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Eclipse: Article

Eclipse: The Story of Web Tools Platform 0.7

J2EE Development the Eclipse Way - Its Scope, Design Principles, Architecture, Ecosystem, and Plans

The standards arena is very active and as existing standards are revised and new standards defined WTP will support them based on their market relevance. There may also be a migration of de facto standards to the de jure quadrants. WTP's charter may expand in the future to include new sub-projects. However, immediately, WTP consists of the WST and JST sub-projects.

The WTP Ecosystem
WTP has the dual goals of providing both tools for the developer community and a platform for tool vendors to extend. Satisfying the needs of vendors requires that WTP define a set of platform APIs. The significance of a platform API is that it will be preserved in future releases. This means that a plug-in that runs in WTP 0.7 will also run - without recompilation - in future versions of WTP. The stability of platform APIs is key to vendor adoption. Clearly if WTP changed its APIs from release to release, vendors would expend significant effort reacting to the changes, and this would slow the rate at which users and vendors move to new versions of the platform.

WTP relies heavily on the user community for testing, bug reports, and enhancement requests, and the development of the user community is one of our main focuses this year. The WTP Web site has tutorials, articles, presentations, and event information. WTP will be well represented on the conference circuit this year. Look for upcoming WTP presentations at events such as EclipseWorld, JavaOne, and the Colorado Software Summit. There are also a couple of WTP books in the works. A thriving user community is a magnet for vendors. As the WTP user community grows so will the number of tools built on it.

Finally, WTP has a role to play in education. Since WTP is free Open Source and supports industry standards, it's an ideal learning tool for the coming generation of J2EE developers. I hope to see universities, community colleges, and even high schools use it for teaching.

The WTP contributor community is drawn from both vendors and users. There are many ways to contribute. You can start by downloading WTP, kicking the tires, and telling your friends about it. If you find a problem or have an idea, open a Bugzilla report. Monitor the newsgroup, and share your solutions to problems with others. If you can write, submit a tutorial or contribute to the online Help system. If you have fixed a problem, submit a patch. If you have time to work on WTP, check Bugzilla for open problems or look at the WTP Help Wanted page. And after you have established a track record of valuable contributions, you can be voted in as a committer.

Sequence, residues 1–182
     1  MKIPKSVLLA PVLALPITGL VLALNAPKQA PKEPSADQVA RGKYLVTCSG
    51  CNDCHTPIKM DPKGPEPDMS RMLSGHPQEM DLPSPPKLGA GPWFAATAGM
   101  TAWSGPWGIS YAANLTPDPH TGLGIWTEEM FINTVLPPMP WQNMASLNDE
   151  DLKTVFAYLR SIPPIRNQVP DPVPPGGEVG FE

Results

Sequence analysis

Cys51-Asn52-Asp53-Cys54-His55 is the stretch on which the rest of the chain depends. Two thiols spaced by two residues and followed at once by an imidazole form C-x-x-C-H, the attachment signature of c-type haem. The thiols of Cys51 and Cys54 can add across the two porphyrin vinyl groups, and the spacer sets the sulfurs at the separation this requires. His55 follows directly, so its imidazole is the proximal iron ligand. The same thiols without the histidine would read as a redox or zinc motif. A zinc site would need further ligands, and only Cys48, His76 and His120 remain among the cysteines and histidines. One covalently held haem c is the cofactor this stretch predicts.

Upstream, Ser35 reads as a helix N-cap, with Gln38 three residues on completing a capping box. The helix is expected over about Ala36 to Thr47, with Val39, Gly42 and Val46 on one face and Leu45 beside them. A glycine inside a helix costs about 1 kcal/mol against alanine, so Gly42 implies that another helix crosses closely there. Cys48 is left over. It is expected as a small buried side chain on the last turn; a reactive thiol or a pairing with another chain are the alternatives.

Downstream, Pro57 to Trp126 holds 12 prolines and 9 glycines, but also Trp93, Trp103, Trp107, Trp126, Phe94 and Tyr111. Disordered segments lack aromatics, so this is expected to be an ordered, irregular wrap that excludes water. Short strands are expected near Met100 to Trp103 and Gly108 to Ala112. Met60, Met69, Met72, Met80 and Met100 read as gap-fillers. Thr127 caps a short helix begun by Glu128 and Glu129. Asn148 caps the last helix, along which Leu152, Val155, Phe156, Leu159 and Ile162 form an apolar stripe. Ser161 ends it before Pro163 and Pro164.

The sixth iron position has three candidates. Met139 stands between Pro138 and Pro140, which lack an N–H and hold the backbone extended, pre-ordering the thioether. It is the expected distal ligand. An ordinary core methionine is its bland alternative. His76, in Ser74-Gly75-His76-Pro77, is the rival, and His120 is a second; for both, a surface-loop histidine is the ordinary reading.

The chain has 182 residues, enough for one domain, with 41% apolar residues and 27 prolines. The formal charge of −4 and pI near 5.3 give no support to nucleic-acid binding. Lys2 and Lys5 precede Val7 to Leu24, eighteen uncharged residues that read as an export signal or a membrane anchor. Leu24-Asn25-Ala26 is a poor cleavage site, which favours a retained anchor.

What's Next?
WTP 0.7 is scheduled for release in July 2005. We are planning to follow that with WTP 1.0 later in the year. The focus of WTP 1.0 will be on the further development of platform APIs to enable the first wave of products based on WTP. Following that, WTP 1.5 will be released with Eclipse 3.2 in 2006. Candidate items for WTP 1.5 include support for revisions of major specifications such as J2EE 5.0, SOAP 1.2, and WSDL 2.0, as well as new JSRs and Web Service specifications.

We also expect the shape of WTP to change as new projects emerge and mature at Eclipse. New vendors are joining Eclipse and projects are being created at a rapid clip. For example, the data tools in WTP will move into a new Data Tools Project. Technology projects such as those proposed for EJB 3.0 and JSF will likely move into WTP as they mature.

A Final Word
Like all Open Source projects, the success of WTP depends on the contributions of an enthusiastic community. The project is still in its formative stage and there's much work to do. The project needs users, testers, writers, developers, speakers, trainers, mentors, evangelists, extenders, distributors, and leaders. If you are interested in J2EE development, then please consider this article as your formal invitation to join the WTP community.

More Stories By Arthur Ryman

Arthur Ryman is a Senior Technical Staff Member and Development Manager at the IBM Toronto Lab. He is currently the lead of the Web Standard Tools subproject of the Eclipse Web Tools Platform project. His previous development projects include Rational Application Developer, WebSphere Studio Application Developer, and VisualAge for Java. He is a member of the W3C Web Services Description Working Group and is an editor of the Web Services Description Language 2.0 specification. He is a co-author of the book, "Java Web Services Unleashed".

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